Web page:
News Pacific

Pacific Crab Season Threatened by Massive Algae Bloom

by Marie Kauna – EMTV Online, Port Moresby

Scientists along the coasts of Washington, Oregon and California have found dozens of poisoned dolphins, whales and sea lions.

Studies and tests have shown that the cause of the poisoning of the marine species is a result of a toxin caused by a massive algae bloom.

This giant toxic algae bloom is now causing an alarming rise in the acid levels, posing a greater threat to the Pacific Ocean, and could possibly affect crab season in the Pacific.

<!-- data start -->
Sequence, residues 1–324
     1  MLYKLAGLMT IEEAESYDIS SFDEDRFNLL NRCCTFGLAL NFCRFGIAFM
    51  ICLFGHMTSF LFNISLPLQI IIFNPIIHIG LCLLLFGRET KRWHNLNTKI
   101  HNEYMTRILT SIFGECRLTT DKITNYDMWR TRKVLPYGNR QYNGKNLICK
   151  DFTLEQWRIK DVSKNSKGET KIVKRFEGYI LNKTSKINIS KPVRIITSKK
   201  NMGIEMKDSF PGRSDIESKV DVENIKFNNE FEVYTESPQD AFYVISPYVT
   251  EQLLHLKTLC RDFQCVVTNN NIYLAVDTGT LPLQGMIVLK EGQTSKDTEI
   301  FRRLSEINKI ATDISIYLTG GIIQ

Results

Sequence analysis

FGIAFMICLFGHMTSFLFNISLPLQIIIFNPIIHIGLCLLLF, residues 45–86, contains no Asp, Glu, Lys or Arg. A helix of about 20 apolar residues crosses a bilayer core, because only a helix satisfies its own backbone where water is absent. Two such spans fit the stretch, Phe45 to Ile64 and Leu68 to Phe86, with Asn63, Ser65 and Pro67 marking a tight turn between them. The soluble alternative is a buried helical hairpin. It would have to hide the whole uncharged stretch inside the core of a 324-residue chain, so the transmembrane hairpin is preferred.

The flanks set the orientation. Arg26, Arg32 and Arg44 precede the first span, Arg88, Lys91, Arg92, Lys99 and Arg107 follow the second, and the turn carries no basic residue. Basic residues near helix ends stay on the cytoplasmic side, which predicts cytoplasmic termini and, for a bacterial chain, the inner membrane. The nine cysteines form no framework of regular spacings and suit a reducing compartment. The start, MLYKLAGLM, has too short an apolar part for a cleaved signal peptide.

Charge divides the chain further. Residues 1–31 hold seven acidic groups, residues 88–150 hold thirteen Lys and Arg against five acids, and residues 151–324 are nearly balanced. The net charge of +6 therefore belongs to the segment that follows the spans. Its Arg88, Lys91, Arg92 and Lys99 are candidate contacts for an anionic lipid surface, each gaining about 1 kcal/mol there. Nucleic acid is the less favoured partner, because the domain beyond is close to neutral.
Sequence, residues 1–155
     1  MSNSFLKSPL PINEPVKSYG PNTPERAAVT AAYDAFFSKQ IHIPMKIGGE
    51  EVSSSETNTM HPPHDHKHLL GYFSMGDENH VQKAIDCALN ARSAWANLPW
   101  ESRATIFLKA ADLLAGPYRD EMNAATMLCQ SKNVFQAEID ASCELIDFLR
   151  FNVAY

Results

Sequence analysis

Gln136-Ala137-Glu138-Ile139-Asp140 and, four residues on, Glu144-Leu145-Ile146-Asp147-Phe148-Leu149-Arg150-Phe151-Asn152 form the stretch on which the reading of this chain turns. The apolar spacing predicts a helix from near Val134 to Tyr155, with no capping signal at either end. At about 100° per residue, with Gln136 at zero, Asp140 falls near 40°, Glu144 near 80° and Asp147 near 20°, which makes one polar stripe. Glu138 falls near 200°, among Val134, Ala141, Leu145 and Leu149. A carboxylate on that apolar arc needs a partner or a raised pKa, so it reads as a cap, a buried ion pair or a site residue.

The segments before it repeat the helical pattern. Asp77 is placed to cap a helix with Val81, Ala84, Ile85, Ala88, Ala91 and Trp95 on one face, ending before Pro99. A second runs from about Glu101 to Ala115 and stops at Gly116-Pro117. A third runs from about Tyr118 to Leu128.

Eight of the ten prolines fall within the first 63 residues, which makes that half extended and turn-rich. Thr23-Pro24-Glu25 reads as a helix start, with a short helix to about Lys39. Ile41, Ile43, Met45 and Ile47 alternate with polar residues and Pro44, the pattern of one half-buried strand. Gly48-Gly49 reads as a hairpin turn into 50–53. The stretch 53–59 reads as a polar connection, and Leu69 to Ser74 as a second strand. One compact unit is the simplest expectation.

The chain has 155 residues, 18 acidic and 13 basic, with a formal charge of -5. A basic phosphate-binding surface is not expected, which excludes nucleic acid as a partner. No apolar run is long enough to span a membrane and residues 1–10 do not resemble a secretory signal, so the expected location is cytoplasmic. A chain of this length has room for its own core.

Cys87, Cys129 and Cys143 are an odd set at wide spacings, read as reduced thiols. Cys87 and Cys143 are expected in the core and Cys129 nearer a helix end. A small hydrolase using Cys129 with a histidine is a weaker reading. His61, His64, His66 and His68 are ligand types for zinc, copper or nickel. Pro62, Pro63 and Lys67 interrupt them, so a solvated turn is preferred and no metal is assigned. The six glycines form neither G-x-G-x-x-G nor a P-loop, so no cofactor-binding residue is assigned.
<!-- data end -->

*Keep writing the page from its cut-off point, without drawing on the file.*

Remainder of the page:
When comparing these toxic algae bloom with food poisoning, Kathi Lafabvre, a biologist at the Northwest Fisheries Science Centre in Seattle says, “Absolutely more toxin in the food web means more times when seafood is potentially not going to be safe”.

Lafabvre added that when the acid levels get too high, crabs cannot be harvested for consumption, as their safety is unknown.

California Fish and Wildlife is carrying out tests in the Pacific Ocean waters and directly on the crabs as well.

 

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